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Lecture 15

Lecture 15th - BIOA01H3.docx

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Department
Biological Sciences
Course
BIOA01H3
Professor
Mark Fitzpatrick
Semester
Fall

Description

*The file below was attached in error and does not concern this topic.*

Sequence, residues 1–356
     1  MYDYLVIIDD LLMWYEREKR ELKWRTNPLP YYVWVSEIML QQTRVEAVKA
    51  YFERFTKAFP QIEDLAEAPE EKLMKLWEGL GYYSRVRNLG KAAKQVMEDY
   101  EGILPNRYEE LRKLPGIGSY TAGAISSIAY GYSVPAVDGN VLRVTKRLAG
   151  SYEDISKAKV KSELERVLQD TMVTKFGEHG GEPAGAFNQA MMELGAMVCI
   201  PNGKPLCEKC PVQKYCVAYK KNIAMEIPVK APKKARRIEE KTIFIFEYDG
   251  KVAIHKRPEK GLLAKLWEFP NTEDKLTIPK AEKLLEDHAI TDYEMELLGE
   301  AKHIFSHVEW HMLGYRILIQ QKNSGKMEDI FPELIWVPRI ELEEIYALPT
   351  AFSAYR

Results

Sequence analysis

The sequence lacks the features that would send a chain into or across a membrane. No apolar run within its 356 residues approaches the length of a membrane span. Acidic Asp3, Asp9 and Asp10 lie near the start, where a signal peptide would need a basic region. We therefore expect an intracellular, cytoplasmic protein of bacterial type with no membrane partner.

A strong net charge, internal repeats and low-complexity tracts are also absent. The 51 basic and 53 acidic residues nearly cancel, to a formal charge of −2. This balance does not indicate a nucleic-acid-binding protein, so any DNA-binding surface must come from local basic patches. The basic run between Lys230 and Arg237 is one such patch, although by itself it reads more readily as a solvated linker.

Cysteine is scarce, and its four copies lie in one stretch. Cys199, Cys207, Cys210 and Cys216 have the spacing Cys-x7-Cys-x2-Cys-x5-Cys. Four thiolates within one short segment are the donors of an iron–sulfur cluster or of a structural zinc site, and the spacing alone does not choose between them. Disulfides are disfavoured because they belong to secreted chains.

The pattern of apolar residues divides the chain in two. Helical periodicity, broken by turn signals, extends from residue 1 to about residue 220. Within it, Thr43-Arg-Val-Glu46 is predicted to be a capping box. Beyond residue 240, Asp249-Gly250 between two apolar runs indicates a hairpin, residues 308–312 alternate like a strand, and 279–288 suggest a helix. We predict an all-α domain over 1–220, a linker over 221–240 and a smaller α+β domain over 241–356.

th BIOA01H3 – Lecture 15 Week of October 1 : DNA, the stuff of heredity Chapter 9 Genetic Recombination  Ultimate source of genetic diversity is mutation of DNA sequence  Since mutations are usually very rare, diversity amplified through various mechanisms that shuffle existing mutations into novel combinations  Cutting and pasting of DNA backbones into new combinations called genetic recombination  Allows “jumping genes” to move, inserts some viruses into chromosome of their hosts, underlies spread of antibiotic resistance among bacteria and Achaea, and is at the heart of meiosis in eukaryotic organisms 9.1 Mechanism of Genetic Recombination In its most general sense, genetic recombination requires the following: o Two DNA molecules that differ from one another o Mechanism for bringing DNA molecules into close proximities o Collection of enzymes to “cut”, “exchange”, and “paste” DNA back together  Two similar double helixes lie close together  Most recombination that occurs in this chapter are between regions of DNA that are very similar, but not identical  Such regions are called homologous  Homology allows different DNA molecules to line up and recombine precisely  Once homologous regions of DNA paired, enzymes break covalent bond in each of four sugar-phosphate backbones  Free ends of each backbone then exchanged and reattached to those of other DNA molecules  Result is two recombined molecules  Cutting and pasting of four DNA backbones results in one recombination event 9.2 Genetic Recombination in Bacteria  Historically first associated w/ meiosis in sexually reproducing eukaryotes 9.2a Genetic Recombination Occurs in E. coli  E. coli can be grown in minimal medium containing water, an organic carbon source such as glucose, and a selection of inorganic salts, including one, such as ammonium chloride, that provides nitrogen  Growth medium can be in liquid form or gel form by adding agar to the liquid medium  In order to detect genetic recombination, need some sort of detectable diff. that could be shown to occur in changing combinations  The diff that proved most useful was related to nutrition  Cells require various amino acids for synthesis of proteins  Strains that are able to synthesize necessary amino acids called prototrophs  Mutant strains that are unable to synthesize amino acids called auxotrophs; only grow if amino acid provided in growth medium  Strain that cannot manufacture own arginine represented by genetic shorthand argA-  argA refers to one of the genes that govern a cell’s ability to synthesize arginine from simple inorganic molecules  given strain of bacteria might carry this gene in normal form, argA+, or its mutant form, argA-  alternative forms of gene called alleles  prokaryotic cells have one circular chromosome that carries one particular allele for each gene  using mutagens such as x-rays or UV light, Lederberg and Tatum isolated two different strains of E. coli carrying distinctive combinations of alleles for various metabolic genes 1  one particular gene could grown only if vitamin biotin and amino acid methionine were added to culture medium  Second mutant strain didn’t need biotin or methionine but could grown only if amino acids leucine and threonine were added along w/ vitamin thiamine  Two multiple-mutant strains of E. coli represented in genetic notation as followed: Strain 1 bio-met-leu+thr+thi+ Strain 2 bio+met+leu-thr-thi-  Lederberg and Tatum mixed about 100million cells of two mutant strains together and placed them on a minimal medium  Several colonies grew, though none of original cells carried all of normal alleles needed for growth  Might be thinking, “They are mutants. Maybe some of originally mutated alleles went back to normal.”  Possibly easily discounted by plating large numbers of cells from original strains onto minimal medium separately  If mutation responsible for initial results w/ mixed cultures, then colonies should have also appeared when strains plated separately. There were none. 9.2b Bacterial Conjugation Brings DNA of Two Cells into Close Proximity  In eukaryotes, genetic recombination occurs in diploid cells by exchange of segments between pairs of chromosomes  In bacteria, that are haploid organisms, each cell typically has own, circular chromosome  Transfer of genetic information is unidirectional, from one donor cell to a recipient cell  Bacteria cells conjugate  cells contact each other by long tubular structure called sex pilus then forms cytoplasmic bridge  During conjugation, copy of part of DNA of one cell moves through cytoplasmic bridge into other cell  Once DNA from one cell enters other, genetic recombo occur  Conjugation facilitates a kind of sexual reproducing in prokaryotic organisms The F Factor and Conjugation  Conjugation initiated by bacterial cell containing small circle of DNA in addition to main circular chromosomal DNA  Small circles are called plasmids but this particular one is called fertility plasmid or F factor  F factor carries several genes as well as replication origin that permits copy to be passed on to each daughter cell during division  example of vertical inheritance  During conjugation, F Factor also has ability to be copied and passed directly from donor cell to recipient  example of horizontal inheritance  Donor cells called F+ cells b/c contain F factor, able to mate w/ recipient cells but not w/ other donor cells  Recipient cells lack F factor and are called F- cells  F factor carries about 20 genes, several encode proteins of sex pilus (F pilus)  During conjugation, F plasmid replicates using special type of DNA replication called rolling circle  Recipient cell becomes F+, but no chromosomal DNA transferred between cells in this process therefore, no genetic recombination occurs between DNA of two different cells in such a mating  So why are we including F factor conjugation if it doesn’t recombine DNA of different cells? Answer lies with Hfr cells  Hfr Cells and Genetic Recombination  In some F+ cells, F factor comes into close proximity with main chromosome & undergoes recombination  When two circular DNA molecules recombine, simply fuse together into one larger circle  F factor becomes part of main bacterial chromosome  Special donor cells called Hfr cells (Hfr = high frequency recombination)  Although recombination event integrated F factor into host chromosome, it occurred in one cell, not between two different cells  Hfr cells called high-frequency recombination b/c can promote recombination between DNA of diff. cells by “exporting” copies of chromosomal genes to another cell as explained as followed: 2  When F factor integrated into bacterial chromosome, genes still available for expression  Therefore, Hfr cells make sex pili & can conjugate w/ F- cell  Segment of F factor moves through conjugation bridge into recipient, bringing single-stranded chromosomal DNA behind it  Again is rolling circle replication, both donor and recipient cells restore DNA to double strandedness  In this situation, circle that rolls is entire Hfr donor chromosome  Recall that when F factor transfer by itself, recipient cells often become F+  In Hfr cells, origin of transfer near middle of integrated F factor  only half of F factor DNA transferred at front of chromosomal DNA  Other half of F factor can follow only after rest of entire chromosome  very unusual for recipient cell to obtain entire F factor & become Hfr as well  Most likely, recipient cell become partial diploid; have two copies of only genes that came through conjugation ridge on donor chromosomal DNA segment ~ Look at textbook page 187 ~ for rest of info Mapping Genes by Conjugation  Discovered by Francis Jacob (proposed operon model for regulation of gene expression in bacteria) and Elie L. Wollman  Began experiments by mating Hfr and F cells that differed in number of alleles  At reg. intervals after conjugation commenced, removed some cells and agitated them in blender to break apart mating pairs  Then cultured separated cells and analyzed them for recombinants  Found that longer allowed cells to conjugate before separation, greater number of donor genes entered recipient and produced recombinants  By noting order & time at which genes transferred, able to map and assign relative positions of several genes in E. coli chromosome 9.2c Transformation and Transduction Provide Additional Sources of DNA for Recombination  DNA can transfer from one bacterial cell to another by two additional mechanisms: transformation and transduction  Like conjugation, transfer DNA in one direction and create partial diploids in which recombination can occur between alleles in homologous DNA regions  Unlike conjugation, transformation and transduction enable recipient cells to recombine w/ DNA obtained from dead donors Transformation  Bacteria simply take up pieces of DNA released into environment as other cells disintegrate  Phenomenon discovered while understanding how bacteria causes pneumonia in mice  Cells of virulent strains of Streptococcus pneumonia surrounded by polysaccharide capsule, whereas nonvirulent cells were not  Griffith found that mixture of heat-killed virulent cells + living nonvirulent cells still caused pneumonia  The substance capable of transforming nonvirulent bacteria to virulent form was DNA  Geneticist established that in transformation of Streptococcus, linear DNA fragments taken up from disrupted virulent cells recombine w/ chromosomal DNA of nonvirulent cells in same as conjugation Transduction  DNA transferred from donor to recipient cells inside head of infecting bacterial virus  Infection cycles of viruses infect bacteria, called bacteriophages  In general, transduction begins when new phages assemble within infected bacterial cell; sometimes incorporate fragments of host cell DNA along with, or instead of, viral DNA  After host cell killed, new phages released may then attach to another cell and inject bacterial DNA into recipient cell  Intro of this DNA makes recipient cell partial diploid and allows recombination to take place 3  Recipients not killed b/c received bacterial DNA rather than infective viral DNA 2 types of transduction, arising from different infection cycles of phage involved: 1) Generalized 2) Specialized 1) Generalized Transduction o All donor genes equally likely to be transferred, associated w/ some virulent bacteriophages, which kill host cells during each cycle of infection (lytic cycle) o During infection by virulent phage, host bacterial chromosome degraded to provide raw material for synthesis of new phage chromosomes o Sometimes fragment of host chromosome avoids degradation & packed into head of new phage by mistake o Particular phage now contains small random sample of bacterial genes instead of phage genes o When host cell burst to release new phage, transducing phage can mechanically infect recipient cell o It will deliver a liner piece of DNA from donor cells rather than infectious phage chromosome o Newly infected recipient cell will survive; incoming DNA may then pair & recombine, with homologous regions on recipient chromosome 2) Specialized Transduction o One of most studied bacteriophages is phage lambda, which infects E. coli o Again, a mistake in infection cycle result in transfer of bacterial genes from donor to recipient cell o In this case, diff type of mistake, in a diff. infection cycles, gives rise to a diff type of transduction (specialized) o Lambda is temperate bacteriophages  when lambda infects new host, it determines whether this cell likely to be robust & long-lived host o Is it starving? Is it suffering from DNA damage? o If host cell passes this molecular health checkup, then lambda chromosome lines up with small region of homology on bacterial chromosome and phage-coded enzyme catalyzes single recombination event o Phage thus integrated into host chromosomal DNA and is called prophage o Prophage then replicated & passed to daughter cells along w/ rest of bacterial chromosome as long as conditions remains favorable (lysogenic cycle) o If host cell becomes inhospitable, prophage activates several genes, releases itself from chromosome by recombination event, and proceeds to manufacture new phages, which are released as cell bursts result of lytic growth o The “mistake” occurs when prophage excised from chromosome o Sometimes this recombination event is imprecise; bacterial DNA removed from host chromosome, some prophage DNA left behind o Result  bacterial DNA packaged into new phages & carried to recipient cells o Since transducing phage defective, having left some of its genes behind in host, does not kill its new host o Only bacterial genes that are close to integration site of phage likely be incorporated into phage chromosome by recombination mistake o Typically, only genes coding for galactose & biotin metabolism transferred at high frequency by phage lambda  Conjugation, transformation, and transduction all ways in which DNA from two diff. bacterial cells bought into close proximity  Homologous regions may then pair & recombine to give rise to recipient cell that carries diff. collection of alleles than previously  These processes create more diversity in DNA sequence among members of pop. than mutation & binary fission alone 9.3 Genetic Recombination in Eukaryotes: Meiosis Sexual reproduction  production of offspring through the union of male and female gametes – i.e. eggs and sperm cells in animals 4  Depends on meiosis, specialized process of cell division that recombines DNA sequences & produces cells w/ half number of chromosomes present in somatic cells  At fertilization, nuclei of egg and sperm cell fuse, producing cell called zygote, in which chromosome # typical of species is restored  W/o halving chromosome number by meiotic divisions, fertilization would double number of chromosomes in each subsequent generation  Both meiosis and fertilization mix genetic info into new combos 9.3a Meiosis Occurs in Different Places in Different Organismal Life Cycles  Gametes are made by meiosis only in animals  Haploid products of meiosis are spores in plants and some fungi Animals  Follows a pattern in which diploid phase dominates life cycles, haploid phase reduced, and meiosis followed direction by gamete formation  In males, each of four nuclei produced by meiosis enclosed in separate cell by cytoplasmic divisions, and each of four cells differentiates into functional sperm cell  In females, only one of four nuclei becomes functional as egg cell nucleus  Fertilization restores diploid phase of life cycle  Thus animals are haploids only as sperm or eggs, and no mitotic divisions occur during haploid phase of life cycle Most Plants and Some Fungi  Organisms alternate between haploid and diploid generations, either generation may dominate & mitotic divisions occur in both phases  Fertilization produces diploid generation  individuals called sporophyt